Combat in Arkham Horror follows a few steps. When encountering a monster, the first thing a player must do is check to see if their character suffers mental trauma from being exposed to its presence. Many of the monsters in Lovecraft's fiction (and, thus, Arkham Horror) defy mankind's logical perceptions of reality and merely gazing upon their hideous visage can drive people mad. Provided they can prevent themselves from going insane, they then have an opportunity to attack. Weapons and other items can provide bonuses to die rolls, while monsters give a negative modifier and have a number of successes that must be rolled for them to be defeated. Successfully defeating a monster allows the investigator to claim it as a trophy and trophies can be exchanged in some locations for powerful benefits.

After all players have finished moving, the Encounters phase begins. Every investigator who is in a locale within Arkham draws an encounter card from the deck appropriate to the district they are currently in and must follow the instructions written there. Some encounters allow investigators to acquire new items or powerful allies to assist in their fight while others bring only pain and misery. Certain locations offer the opportunity to purchase items or perform other actions in lieu of having an encounter. Once encounters are resolved for characters in Arkham, every investigator who is currently in one of the Other Worlds then has an encounter of their own, with similar results but drawn from a completely separate deck.

Finally, when all encounters are concluded, the Mythos phase begins. While the effects of cards in the Mythos deck can vary wildly, they most frequently serve to further degrade the barriers holding back the Ancient One by opening dimensional gates into the Other Worlds. Roughly half of the locations on the board have a chance of a gate opening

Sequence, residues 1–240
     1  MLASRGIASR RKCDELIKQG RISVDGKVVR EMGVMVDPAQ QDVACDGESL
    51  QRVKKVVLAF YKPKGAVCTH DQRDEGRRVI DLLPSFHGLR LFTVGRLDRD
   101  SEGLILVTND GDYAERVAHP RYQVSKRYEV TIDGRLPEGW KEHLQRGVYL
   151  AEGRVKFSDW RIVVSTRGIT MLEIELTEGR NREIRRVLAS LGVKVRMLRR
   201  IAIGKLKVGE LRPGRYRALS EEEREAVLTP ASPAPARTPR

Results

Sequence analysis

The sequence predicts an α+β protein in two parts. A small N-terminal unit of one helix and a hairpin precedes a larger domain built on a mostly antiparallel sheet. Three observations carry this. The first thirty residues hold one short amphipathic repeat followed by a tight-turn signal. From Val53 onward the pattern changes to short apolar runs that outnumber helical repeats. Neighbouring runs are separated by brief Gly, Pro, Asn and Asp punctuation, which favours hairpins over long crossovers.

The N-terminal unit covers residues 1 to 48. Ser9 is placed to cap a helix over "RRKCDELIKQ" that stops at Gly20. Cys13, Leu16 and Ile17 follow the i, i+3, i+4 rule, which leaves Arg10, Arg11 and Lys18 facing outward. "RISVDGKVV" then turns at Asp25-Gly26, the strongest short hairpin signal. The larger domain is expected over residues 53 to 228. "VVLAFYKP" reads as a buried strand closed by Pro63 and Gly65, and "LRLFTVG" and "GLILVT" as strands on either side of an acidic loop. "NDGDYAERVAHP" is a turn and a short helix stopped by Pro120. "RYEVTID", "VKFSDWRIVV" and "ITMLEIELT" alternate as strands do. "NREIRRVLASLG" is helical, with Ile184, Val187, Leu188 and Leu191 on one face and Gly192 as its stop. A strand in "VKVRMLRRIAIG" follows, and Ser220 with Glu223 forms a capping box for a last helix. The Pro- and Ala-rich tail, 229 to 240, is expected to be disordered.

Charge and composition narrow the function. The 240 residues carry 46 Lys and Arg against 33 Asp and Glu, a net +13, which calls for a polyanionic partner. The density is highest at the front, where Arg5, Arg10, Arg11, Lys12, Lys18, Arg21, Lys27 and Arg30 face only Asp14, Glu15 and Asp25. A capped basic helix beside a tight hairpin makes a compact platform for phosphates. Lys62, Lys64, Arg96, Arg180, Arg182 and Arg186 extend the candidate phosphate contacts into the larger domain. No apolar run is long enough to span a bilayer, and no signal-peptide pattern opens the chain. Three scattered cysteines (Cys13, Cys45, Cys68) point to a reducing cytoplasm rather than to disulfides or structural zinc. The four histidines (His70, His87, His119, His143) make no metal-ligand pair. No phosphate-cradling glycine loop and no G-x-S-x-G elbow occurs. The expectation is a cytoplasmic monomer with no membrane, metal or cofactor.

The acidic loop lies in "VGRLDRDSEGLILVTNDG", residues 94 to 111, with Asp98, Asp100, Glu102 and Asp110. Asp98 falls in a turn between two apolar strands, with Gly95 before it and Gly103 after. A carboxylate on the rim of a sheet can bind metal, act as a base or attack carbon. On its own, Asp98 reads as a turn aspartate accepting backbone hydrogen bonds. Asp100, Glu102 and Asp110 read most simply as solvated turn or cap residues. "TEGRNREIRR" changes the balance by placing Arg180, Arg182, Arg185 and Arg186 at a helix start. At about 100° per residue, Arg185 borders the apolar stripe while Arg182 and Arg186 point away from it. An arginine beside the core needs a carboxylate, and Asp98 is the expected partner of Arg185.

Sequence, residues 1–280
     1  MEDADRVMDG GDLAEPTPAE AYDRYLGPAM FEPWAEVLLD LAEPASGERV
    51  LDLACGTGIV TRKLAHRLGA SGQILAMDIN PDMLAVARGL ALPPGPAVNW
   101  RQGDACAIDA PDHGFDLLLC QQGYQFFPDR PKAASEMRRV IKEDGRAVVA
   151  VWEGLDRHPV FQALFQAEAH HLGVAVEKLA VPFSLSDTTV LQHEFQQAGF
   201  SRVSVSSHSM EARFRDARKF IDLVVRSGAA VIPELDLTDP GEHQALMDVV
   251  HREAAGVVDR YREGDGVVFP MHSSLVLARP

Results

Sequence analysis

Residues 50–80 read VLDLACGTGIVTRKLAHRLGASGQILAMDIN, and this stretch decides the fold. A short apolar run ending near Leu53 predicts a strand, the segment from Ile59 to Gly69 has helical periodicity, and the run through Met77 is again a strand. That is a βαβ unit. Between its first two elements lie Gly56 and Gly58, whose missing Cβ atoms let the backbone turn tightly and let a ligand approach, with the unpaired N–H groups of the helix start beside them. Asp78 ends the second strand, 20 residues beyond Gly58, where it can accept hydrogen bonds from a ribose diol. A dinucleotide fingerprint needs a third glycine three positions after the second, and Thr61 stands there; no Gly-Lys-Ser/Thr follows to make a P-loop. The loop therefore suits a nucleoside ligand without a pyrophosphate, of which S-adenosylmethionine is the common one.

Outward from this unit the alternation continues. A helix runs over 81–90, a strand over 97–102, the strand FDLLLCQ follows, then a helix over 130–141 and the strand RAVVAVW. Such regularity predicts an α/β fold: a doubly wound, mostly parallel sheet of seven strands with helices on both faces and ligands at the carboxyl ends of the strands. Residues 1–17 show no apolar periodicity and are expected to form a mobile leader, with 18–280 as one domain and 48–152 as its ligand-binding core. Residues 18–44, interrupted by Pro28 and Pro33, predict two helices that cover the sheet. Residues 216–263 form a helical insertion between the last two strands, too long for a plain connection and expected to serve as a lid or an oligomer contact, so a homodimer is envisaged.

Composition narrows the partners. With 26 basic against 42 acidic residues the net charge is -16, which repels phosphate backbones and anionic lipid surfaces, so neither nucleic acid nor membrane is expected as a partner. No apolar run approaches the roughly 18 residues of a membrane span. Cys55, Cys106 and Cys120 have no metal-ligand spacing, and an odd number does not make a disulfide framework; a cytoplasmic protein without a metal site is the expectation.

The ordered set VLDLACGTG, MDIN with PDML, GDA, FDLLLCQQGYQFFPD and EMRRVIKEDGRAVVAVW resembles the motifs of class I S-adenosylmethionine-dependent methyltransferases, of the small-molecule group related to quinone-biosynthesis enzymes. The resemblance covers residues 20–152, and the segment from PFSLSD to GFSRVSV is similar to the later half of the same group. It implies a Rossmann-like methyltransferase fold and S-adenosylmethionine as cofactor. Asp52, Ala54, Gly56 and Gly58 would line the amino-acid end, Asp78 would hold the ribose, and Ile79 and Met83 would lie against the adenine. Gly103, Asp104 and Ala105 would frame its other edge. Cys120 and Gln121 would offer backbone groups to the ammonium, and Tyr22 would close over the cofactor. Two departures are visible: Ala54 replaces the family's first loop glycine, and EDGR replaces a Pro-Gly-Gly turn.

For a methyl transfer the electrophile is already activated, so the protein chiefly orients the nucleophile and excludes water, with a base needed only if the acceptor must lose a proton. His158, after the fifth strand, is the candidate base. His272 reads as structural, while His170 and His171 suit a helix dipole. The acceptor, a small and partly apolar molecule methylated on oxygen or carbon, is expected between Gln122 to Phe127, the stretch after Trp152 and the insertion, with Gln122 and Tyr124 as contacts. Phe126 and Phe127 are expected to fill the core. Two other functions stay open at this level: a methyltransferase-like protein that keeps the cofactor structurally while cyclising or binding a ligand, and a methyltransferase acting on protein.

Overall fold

within them, bringing a monster along for the ride. These gates are the key to keeping Ancient Ones at bay and must be closed for the investigators to be successful. Every gate that opens brings the Ancient One a step closer to victory. In addition, if the number of open gates in Arkham ever crosses a certain point (determined by the number of players in the game), the Ancient One immediately crosses the void and must be faced in a final showdown.

Closing gates requires that Investigators follow a sequence of events. The first step is to travel to the location where the open gate exists and pass through it. Once the Investigator arrives in a location with an open gate, the Other World it connects to is revealed and the player moves there. On subsequent turns, the Investigator travels from one end of the world to the other, having encounters, until they re-emerge back in Arkham where they can then attempt to close the gate by making a skill check. If the investigator has gathered enough knowledge of the Mythos (represented by "clue tokens" gathered by visiting locations in Arkham or having encounters) and is successful in closing the gate, they may then place a seal on the location, preventing any gate from opening there again.

Should the investigators fail to stop the Ancient One from coming to Arkham, all is not entirely lost. They are given one last chance for victory in an epic battle against the Ancient One itself. Every battle with an Ancient One works differently. While combat works essentially the same for the players, in terms of making skill checks, the number of successful rolls required to defeat an Ancient One can number in excess of a hundred in some circumstances. Meanwhile, Ancient Ones typically whittle down Investigators slowly, forcing them to discard vital equipment or other collected items. If at any time a character lacks the necessary items (whatever they may be) to defend against an Ancient One's attack, they are devoured and eliminated from play.